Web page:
Over the last year, I have been actively consuming a lot of content on personal finance. The most popular book from last year on this topic was The Psychology of Money by Morgan Housel. As someone starting my career and receiving my first real salary, it was important for me to start saving/investing as soon as possible. At an introductory level, this is a good place to start your savings journey. However, if you are looking for specific actionable advice like valuing companies, figuring out asset allocation, how to determine how much bonds you should own, this is not the right book for you. Here are the main lessons from the book.
- Investment and saving is more of a psychological game than a game of skill. It is more important to withstand psychological pressures like risk, loss, volatility, than to find out which stock can give you ten-fold returns.
- Our decisions on how we invest is shaped largely by our surroundings. Obviously, you need to cross a minimum threshold before you can save, but whether your youth was in the midst of a recession determines how you invest for the rest of your life.
- Do not let your financial goalpost keep moving. If you are comfortable with a 1 Lakh per month lifestyle, do not try and shift to a 2 Lakhs per month lifestyle merely because your colleague or brother in law is doing so.
- Compounding is critical. 96% of Warren Buffet’s wealth grew after his 65th birthday. If his investment horizon was shorter by 20 years, he would be worth 11.9 Million USD instead of 85 Billion USD.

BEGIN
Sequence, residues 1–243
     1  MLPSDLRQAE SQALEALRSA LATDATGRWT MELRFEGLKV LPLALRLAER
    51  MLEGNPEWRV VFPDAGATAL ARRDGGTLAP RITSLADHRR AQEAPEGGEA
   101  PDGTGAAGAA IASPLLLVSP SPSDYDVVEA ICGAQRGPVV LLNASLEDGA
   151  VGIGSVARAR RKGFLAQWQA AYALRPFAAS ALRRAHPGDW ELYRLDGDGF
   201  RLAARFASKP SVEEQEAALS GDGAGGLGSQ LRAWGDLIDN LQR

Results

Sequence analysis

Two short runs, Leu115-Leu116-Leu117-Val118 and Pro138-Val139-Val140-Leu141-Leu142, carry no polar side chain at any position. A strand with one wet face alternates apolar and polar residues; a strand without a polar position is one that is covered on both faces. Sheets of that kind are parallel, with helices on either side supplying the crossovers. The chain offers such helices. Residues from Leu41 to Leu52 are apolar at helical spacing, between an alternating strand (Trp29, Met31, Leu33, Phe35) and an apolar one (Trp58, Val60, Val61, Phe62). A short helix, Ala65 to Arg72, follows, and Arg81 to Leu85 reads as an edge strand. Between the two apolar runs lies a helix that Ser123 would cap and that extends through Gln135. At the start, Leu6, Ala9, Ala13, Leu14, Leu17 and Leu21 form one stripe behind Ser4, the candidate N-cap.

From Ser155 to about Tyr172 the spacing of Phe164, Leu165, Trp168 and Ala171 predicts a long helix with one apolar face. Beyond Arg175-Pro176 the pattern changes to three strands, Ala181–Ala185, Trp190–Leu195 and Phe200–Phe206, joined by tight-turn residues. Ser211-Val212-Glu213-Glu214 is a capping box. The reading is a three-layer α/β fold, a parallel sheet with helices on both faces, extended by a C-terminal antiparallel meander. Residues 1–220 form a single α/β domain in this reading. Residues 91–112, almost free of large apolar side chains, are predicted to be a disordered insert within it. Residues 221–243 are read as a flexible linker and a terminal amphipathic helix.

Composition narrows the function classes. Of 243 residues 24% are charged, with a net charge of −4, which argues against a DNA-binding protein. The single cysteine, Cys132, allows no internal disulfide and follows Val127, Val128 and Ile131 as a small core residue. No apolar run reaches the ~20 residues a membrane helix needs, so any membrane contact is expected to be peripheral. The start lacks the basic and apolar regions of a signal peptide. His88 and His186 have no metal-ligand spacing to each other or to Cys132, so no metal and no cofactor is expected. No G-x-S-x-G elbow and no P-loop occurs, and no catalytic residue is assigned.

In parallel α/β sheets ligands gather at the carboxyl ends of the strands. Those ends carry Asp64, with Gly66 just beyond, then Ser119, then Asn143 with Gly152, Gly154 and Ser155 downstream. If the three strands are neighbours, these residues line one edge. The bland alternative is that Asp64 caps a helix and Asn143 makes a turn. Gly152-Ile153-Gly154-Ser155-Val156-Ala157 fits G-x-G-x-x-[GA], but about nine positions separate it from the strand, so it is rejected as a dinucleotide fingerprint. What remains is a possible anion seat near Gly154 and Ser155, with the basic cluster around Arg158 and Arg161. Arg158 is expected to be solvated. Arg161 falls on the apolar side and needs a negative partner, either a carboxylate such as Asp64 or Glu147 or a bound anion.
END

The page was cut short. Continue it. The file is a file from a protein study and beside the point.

- Staying wealthy is harder than getting wealthy. It is far more important to not make stupid mistakes than to make smart killings.
- It is okay for most of your portfolio to be average at best if your portfolio does well at the end of the day. Tail events with outsized returns are what drive your portfolio (even if you invest in ETF, it is a handful of companies at best which provide brilliant returns. The S&P thrives on 5 greatcos and 495 average-duds).
- The best outcome of saving is not an expensive car but owning your time and being able to do what you want, when you want, with whom you want.
- Aim to be reasonable, not rational. It is easy to say you will only spend 2000 rupees a month on gadgets. But every once in a while you will splurge and ruin your plans. Its better to accept you are at best a reasonable being who won’t buy a new iPhone every year but not a rational being who will keep the same phone for 7 years.
- Plan for your plan failing. Plan for you and your goals changing. Today you might be okay with a 20k INR per month job, but when your child has to go to school, you will need that extra cash. You can never be sure of who you will be and what will happen in the next 40 years.